Earth Talk:

Do most scientists believe in climate change?

By Roddy Scheer
Most scientists believe climate change is caused by humans.
Most scientists believe climate change is caused by humans.
Dear EarthTalk: What exactly is the “myth of the climate change 97 percent” mentioned by Sen. James Inhofe during recent confirmation hearings for President Donald Trump’s Cabinet post nominations?

                                                                                    -- Rosemary R., Clifton, N.J.


     The so-called “myth of the climate change 97 percent” refers to the argument made by climate skeptics who dispute the notion that 97 percent of climate scientists agree that global warming is occurring and is caused by human activities. Sen. James Inhofe, R-Oklahoma, a climate skeptic, referred to this “myth” in recent confirmation hearings for Oklahoma Attorney General Scott Pruitt, Trump’s choice for administrator of the Environmental Protection Agency. Inhofe, who has stated that only God can affect the climate, is one of the most outspoken voices in Congress for turning our backs on the Obama administration’s climate progress.
    No one knows for sure, but the 97 percent figure likely first cropped up in 2013 from a study by Australian researcher John Cook, who surveyed more than 11,000 climate science reports published between 1991 and 2011 in a search for attribution of blame regarding the cause of global warming.
     According to Cook, two-thirds of the reports surveyed by his team at the University of Queensland’s Global Change Institute made no mention of whether global warming was occurring. But 97.1 percent of the remaining 4,000 reports that did acknowledge the occurrence of climate change "endorsed the consensus position that humans are causing global warming.”
    Furthermore, Cook followed up by asking a sample of 1,200 report authors to determine whether their research confirmed that global warming is human-caused, with 97.2 percent of those respondents concurring.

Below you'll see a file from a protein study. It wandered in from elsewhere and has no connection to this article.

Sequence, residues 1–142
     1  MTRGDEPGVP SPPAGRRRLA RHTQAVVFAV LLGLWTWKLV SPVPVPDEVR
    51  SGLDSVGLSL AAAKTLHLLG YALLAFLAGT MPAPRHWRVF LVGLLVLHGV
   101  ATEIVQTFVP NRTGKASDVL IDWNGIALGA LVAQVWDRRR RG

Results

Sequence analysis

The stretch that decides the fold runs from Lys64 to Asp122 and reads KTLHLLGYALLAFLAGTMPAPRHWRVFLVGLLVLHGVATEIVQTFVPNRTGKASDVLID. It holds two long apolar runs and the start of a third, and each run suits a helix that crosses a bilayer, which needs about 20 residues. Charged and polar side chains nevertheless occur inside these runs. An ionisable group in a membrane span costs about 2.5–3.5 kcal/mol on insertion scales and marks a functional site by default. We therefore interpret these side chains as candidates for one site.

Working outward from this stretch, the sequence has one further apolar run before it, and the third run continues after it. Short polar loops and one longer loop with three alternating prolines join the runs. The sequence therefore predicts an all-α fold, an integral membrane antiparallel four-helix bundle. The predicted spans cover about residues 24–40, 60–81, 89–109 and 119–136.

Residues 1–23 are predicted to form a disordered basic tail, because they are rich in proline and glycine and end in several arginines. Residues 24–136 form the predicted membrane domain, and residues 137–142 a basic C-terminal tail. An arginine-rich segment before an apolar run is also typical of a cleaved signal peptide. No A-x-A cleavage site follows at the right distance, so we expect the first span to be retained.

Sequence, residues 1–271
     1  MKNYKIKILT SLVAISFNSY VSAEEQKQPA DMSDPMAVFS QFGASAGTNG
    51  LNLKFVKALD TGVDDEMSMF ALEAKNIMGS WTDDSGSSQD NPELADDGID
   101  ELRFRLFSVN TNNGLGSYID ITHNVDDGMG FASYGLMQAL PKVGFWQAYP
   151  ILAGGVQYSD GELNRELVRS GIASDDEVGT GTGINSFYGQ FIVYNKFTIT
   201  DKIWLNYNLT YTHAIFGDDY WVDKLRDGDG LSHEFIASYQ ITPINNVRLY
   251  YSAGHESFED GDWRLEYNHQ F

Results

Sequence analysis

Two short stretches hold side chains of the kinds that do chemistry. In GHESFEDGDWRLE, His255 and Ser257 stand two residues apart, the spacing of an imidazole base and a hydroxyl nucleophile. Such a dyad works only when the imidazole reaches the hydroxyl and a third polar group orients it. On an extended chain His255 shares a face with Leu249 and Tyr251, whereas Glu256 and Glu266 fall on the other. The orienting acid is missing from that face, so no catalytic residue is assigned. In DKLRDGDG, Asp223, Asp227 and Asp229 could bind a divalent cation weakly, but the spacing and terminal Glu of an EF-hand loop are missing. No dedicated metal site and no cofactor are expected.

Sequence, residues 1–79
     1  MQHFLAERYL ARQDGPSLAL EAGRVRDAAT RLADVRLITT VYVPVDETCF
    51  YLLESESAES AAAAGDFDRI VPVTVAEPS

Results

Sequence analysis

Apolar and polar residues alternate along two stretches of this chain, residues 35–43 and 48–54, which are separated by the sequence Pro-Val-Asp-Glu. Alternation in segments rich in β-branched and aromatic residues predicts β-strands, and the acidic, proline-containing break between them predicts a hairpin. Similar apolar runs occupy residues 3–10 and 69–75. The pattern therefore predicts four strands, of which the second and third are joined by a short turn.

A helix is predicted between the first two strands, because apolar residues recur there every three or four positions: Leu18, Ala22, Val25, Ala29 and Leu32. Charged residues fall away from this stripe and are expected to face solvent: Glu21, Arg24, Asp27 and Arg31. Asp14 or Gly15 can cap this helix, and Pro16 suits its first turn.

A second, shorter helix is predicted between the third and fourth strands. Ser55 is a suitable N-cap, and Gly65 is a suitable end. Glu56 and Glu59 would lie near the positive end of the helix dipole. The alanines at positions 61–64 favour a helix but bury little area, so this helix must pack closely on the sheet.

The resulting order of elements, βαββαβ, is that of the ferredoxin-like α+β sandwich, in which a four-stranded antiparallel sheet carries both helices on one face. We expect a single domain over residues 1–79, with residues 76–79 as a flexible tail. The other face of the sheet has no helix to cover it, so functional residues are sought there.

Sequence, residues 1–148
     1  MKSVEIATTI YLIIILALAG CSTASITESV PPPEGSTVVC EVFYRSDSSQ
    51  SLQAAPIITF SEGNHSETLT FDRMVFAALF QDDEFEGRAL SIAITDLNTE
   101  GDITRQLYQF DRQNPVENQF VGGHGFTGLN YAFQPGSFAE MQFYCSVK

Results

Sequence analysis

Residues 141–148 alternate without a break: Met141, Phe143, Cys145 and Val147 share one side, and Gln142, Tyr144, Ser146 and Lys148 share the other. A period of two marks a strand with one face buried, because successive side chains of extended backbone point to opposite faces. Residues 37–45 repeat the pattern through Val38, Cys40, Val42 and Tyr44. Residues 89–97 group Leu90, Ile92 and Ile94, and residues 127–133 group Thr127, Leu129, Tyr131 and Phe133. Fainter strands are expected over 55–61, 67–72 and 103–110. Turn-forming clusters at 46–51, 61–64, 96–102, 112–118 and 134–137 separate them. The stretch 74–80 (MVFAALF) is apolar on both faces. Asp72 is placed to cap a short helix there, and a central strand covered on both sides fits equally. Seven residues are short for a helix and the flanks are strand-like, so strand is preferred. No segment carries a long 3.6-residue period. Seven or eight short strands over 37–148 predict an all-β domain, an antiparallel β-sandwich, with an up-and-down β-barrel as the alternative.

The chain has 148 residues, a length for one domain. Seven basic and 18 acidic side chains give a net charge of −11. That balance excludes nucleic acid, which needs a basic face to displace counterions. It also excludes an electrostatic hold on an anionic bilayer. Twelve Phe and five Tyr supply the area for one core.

But critics attacked Cook’s findings almost as soon as they were published. Richard Tol, a Dutch economist at England’s University of Sussex, first publicly articulated doubts about the percentage in 2014, when he claimed his colleagues were too alarmist.
     Tol stated that he believes climate change to be real and likely human-caused but felt that Cook’s research methodology was flawed and that the 97 percent findings were “essentially pulled from thin air [and] not based on any credible research whatsoever." Tol then orchestrated a “re-analysis” of Cook’s data set and concluded that 91 percent of climate scientists think global warming is human-caused.
     Tol, who subsequently joined the advisory board of the Global Warming Policy Foundation, a think tank that greens consider the U.K.’s most prominent source of climate change denial, isn’t the only climate skeptic to pile on against the 97 percent claim. In a 2014 Wall Street Journal commentary piece, Heartland Institute President Joseph Bast and former NASA climatologist Roy Spencer claim that the “so-called consensus comes from a handful of surveys and abstract-counting exercises that have been contradicted by more reliable research.”
    But despite this quibbling, it’s clear that the vast majority of climate scientists agree that human activity is behind our current climate woes. Whether 91 percent constitutes consensus is a matter of semantics, and vocal minorities on the topic (like Inhofe) will always speak up to defend their point of view.



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